Kate Pugh’s book addresses one of the time-honored problems in organizations: how do you get people with experience, solutions, and knowledge to share them effectively with those who need those valuable assets? Technology, we now know, is not the answer—human discussion is. Sharing Hidden Know-How tells you how to structure and facilitate these important conversations.
Thomas H. Davenport
President’s Distinguished Professor of IT and Management, Babson College
Knowledge has always been about conversation-even if we fail to acknowledge it all the time. In this innovative and useful book Kate Pugh shows how you can be a far better knowledge practitioner just by releasing the power of talking in your organization. A fine example of the new generation of knowledge books.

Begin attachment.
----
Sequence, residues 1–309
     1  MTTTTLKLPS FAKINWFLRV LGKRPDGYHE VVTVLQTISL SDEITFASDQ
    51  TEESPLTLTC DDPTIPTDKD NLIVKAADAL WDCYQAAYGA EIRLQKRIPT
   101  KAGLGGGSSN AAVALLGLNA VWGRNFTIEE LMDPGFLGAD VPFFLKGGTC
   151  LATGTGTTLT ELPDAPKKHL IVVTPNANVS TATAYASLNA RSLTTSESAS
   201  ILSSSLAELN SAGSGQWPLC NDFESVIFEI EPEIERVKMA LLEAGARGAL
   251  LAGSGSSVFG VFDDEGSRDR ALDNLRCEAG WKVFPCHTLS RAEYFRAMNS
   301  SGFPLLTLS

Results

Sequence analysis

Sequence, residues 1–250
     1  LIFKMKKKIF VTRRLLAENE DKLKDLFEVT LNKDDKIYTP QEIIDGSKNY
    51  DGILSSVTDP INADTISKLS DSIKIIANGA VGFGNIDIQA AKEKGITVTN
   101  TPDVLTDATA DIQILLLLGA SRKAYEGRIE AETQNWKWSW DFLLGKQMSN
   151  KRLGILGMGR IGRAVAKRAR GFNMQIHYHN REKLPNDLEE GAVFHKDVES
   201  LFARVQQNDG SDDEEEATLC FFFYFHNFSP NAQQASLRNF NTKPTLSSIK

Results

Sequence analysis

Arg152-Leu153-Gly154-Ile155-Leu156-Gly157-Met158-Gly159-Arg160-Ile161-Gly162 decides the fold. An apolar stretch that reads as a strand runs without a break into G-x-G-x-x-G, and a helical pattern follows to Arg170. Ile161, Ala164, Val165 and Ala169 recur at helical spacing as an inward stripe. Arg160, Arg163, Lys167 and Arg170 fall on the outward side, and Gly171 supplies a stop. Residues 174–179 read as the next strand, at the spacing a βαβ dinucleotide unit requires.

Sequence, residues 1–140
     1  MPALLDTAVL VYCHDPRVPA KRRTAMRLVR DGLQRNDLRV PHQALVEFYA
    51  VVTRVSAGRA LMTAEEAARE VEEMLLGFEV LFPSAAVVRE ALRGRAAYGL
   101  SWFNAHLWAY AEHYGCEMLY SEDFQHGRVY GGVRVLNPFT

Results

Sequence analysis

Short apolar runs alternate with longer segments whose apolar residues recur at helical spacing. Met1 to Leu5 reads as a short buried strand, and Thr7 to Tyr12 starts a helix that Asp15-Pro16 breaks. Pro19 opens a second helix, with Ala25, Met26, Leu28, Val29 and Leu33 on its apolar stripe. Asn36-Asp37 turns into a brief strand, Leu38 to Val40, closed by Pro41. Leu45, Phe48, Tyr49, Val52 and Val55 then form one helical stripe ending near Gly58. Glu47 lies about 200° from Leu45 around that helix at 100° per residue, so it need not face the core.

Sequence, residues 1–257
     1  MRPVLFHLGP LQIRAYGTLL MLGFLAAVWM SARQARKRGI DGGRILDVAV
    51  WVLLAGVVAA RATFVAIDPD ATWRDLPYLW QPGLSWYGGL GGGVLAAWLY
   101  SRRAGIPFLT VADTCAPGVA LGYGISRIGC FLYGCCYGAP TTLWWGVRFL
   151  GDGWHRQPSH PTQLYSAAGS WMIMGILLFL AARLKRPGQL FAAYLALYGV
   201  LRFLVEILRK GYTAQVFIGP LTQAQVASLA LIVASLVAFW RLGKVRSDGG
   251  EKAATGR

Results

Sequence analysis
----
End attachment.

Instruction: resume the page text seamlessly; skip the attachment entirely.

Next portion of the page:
Larry Prusak, author of Working Knowledge
Visiting Scholar, Marshall School of Business, USC
Senior Knowledge Advisor to World Bank and NASA
The next generation of leadership effectiveness is about conversation and reflective facilitation, not just texts and tweets. Sharing Hidden Know-How makes the case for intentional, conversation-based leadership, and provides the practice model to pull it off. Viewed from above, this important book is itself a conversation between Kate Pugh’s basic propositions and those of a diverse group of other thinkers, all woven into a unified whole. Viewed on the ground, it is an intellectual joyride, coherent, insightful, promisingly pragmatic, and with just the right measure of the personal to fully reveal a fruitful mind in motion.
David Kantor, Director, Kantor Institute, Author, Reading the Room (Jossey-Bass, 2012)